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Voice: On April 15 celebrate National Poetry Day

April 12, 2001

In the preface to Bulfinch's "Greek and Roman Mythology: The Age of Fable," it is written: "… literature is one of the best allies of virtue and promoters of happiness."

The "Age of Fable" was published in 1855, a time when literature — especially poetry — was more appreciated than it is today.

Other nations revere their poets. The USA did not even have a hall of fame until a few years ago.

Earlier, however, the U.S. Postal Service began honoring our naiton's poets with its American poet postage stamp series. Among those honored have been Emily Dickinson, Walt Whitman, Paul Laurence Dunbar, Edna St. Vincent Millay, T.S. Eliot and Marianne Moore.

Those who enjoy poetry are being asked to "visit www.poets.org to nominate a poet for a future stamp and sign a petition for more stamps featuring American poets."

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Poetry has fallen into disfavor, I believe, because many poets try too hard to be clever and original. They no longer seek to communicate but to shock or mystify.

Instead of using sublimated thoughts, the modern poet too often writes about base topics. He uses Vulgate, even vulgar language. His thinking is disarticulated, his writing fractured. Instead of looking for hidden meanings, the average reader, if he persists in reading through a maze of mystifying metaphors, and language usually inscribed on public restroom walls, finds the poem meaningless.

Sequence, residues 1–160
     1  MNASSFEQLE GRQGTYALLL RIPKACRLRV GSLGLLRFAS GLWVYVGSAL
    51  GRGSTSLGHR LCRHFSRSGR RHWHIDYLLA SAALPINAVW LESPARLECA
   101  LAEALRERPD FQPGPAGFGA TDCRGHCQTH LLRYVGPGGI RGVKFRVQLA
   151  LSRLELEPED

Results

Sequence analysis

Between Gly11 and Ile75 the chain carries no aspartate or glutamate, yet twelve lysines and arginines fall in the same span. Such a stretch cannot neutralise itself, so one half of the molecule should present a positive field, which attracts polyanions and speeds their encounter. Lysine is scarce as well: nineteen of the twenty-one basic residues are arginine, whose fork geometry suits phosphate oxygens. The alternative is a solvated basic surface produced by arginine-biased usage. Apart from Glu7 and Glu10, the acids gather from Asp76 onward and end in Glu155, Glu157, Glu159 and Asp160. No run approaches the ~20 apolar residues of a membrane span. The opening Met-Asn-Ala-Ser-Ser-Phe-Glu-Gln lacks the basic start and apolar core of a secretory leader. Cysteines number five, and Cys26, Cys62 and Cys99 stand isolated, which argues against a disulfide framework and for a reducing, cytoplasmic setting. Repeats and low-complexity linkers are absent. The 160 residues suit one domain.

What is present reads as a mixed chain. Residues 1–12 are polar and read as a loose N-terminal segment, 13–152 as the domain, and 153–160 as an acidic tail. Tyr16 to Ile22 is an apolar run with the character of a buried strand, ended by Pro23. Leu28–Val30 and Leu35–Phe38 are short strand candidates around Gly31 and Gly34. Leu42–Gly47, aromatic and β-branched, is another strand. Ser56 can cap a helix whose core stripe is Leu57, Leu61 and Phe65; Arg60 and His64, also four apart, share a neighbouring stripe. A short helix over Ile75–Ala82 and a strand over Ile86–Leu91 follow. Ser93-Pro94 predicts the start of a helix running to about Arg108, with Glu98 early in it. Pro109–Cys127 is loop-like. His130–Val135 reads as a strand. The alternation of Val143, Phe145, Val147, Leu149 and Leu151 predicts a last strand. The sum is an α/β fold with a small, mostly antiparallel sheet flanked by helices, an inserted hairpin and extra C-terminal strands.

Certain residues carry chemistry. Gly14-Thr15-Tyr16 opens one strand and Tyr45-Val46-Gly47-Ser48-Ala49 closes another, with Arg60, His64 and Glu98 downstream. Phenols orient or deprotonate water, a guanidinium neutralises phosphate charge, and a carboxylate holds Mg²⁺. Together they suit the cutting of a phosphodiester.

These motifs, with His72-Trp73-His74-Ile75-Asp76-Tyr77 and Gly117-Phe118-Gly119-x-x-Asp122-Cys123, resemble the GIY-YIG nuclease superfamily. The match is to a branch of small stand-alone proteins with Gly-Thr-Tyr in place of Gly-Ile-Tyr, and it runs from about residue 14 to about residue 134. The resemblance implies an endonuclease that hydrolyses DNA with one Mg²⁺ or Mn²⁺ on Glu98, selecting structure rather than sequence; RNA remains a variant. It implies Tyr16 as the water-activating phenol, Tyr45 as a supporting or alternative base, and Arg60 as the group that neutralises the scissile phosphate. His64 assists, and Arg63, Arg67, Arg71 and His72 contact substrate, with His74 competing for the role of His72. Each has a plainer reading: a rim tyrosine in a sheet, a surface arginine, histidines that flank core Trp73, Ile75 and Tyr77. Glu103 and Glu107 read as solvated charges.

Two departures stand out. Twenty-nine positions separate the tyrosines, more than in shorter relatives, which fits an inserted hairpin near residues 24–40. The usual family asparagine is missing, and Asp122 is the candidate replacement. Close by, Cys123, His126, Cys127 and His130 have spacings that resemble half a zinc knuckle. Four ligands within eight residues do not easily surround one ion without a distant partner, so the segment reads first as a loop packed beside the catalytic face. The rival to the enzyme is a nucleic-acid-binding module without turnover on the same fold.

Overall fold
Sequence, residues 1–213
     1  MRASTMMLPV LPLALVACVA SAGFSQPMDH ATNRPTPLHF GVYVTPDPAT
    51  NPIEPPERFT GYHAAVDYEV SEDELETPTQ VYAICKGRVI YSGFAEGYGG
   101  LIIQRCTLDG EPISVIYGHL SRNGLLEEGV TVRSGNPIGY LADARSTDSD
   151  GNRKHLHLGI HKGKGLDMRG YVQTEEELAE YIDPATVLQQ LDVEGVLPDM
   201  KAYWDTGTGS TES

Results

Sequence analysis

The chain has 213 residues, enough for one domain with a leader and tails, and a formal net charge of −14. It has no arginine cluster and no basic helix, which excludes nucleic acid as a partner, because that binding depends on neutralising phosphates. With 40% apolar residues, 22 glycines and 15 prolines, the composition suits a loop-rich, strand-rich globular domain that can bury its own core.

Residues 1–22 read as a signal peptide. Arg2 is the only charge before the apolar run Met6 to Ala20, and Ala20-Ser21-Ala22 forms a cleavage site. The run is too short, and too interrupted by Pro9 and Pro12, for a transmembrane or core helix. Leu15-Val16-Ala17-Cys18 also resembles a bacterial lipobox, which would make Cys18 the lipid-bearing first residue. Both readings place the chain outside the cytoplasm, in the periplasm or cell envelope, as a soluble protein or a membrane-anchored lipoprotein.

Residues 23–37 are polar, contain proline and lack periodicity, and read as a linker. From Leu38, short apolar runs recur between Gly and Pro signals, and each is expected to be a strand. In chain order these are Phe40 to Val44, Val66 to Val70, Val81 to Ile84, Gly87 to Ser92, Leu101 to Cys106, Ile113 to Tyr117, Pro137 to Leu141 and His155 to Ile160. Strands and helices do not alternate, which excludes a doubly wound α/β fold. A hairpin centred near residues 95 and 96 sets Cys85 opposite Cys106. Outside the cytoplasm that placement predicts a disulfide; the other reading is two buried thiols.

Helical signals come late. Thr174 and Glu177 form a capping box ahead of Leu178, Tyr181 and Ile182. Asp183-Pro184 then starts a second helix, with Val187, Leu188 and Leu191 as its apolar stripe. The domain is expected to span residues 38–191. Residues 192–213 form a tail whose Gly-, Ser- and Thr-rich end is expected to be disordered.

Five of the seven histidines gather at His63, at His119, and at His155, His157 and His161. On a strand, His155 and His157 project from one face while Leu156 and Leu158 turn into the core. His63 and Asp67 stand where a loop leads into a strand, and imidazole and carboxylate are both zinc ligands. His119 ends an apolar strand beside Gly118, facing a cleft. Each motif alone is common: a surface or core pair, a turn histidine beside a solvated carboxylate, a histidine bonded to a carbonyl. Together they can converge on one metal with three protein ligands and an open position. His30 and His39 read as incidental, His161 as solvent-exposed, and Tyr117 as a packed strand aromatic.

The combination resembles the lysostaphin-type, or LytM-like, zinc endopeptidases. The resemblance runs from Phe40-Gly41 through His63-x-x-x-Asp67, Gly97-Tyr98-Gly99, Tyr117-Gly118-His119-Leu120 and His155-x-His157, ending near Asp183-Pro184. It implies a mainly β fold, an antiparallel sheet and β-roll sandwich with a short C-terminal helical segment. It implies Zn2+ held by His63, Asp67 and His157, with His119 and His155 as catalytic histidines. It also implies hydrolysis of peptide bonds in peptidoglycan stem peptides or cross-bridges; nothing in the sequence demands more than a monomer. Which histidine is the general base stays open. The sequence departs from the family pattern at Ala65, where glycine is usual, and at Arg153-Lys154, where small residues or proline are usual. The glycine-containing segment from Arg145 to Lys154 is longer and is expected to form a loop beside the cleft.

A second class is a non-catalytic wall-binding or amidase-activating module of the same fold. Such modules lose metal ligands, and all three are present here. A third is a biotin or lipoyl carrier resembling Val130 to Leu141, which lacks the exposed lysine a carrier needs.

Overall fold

The purpose of language is to communicate. Until modern poetry took over, poetry was lofty, and yet it was easy to read. It communicated to heart, mind and spirit.

Many modern poets sacrifice the ability to touch the human spirit on the altar of intellectualism — they are more interested in creating mind puzzles, in confounding their readers — than communicating.

Yet how intelligent is it to write poetry that the lay person cannot understand — poetry that adds nothing of beauty or sublimity to our thought?

I'll celebrate National Poetry Day by rereading my three favorite poems: William Cullen Bryant's "Thanatopsis," Edna St. Vincent Millay's "Renasence," and Thomas Gray's "Elegy Written in a Country Churchyard." Then I'll read selected poems by Thomas Hardy, William Blake, Emily Dickinson and Sara Teasdale, and the poetry-in-prose of Kahlil Gibran. I hope you will reread your favorite poems also.

MERRY HARRIS

El Centro

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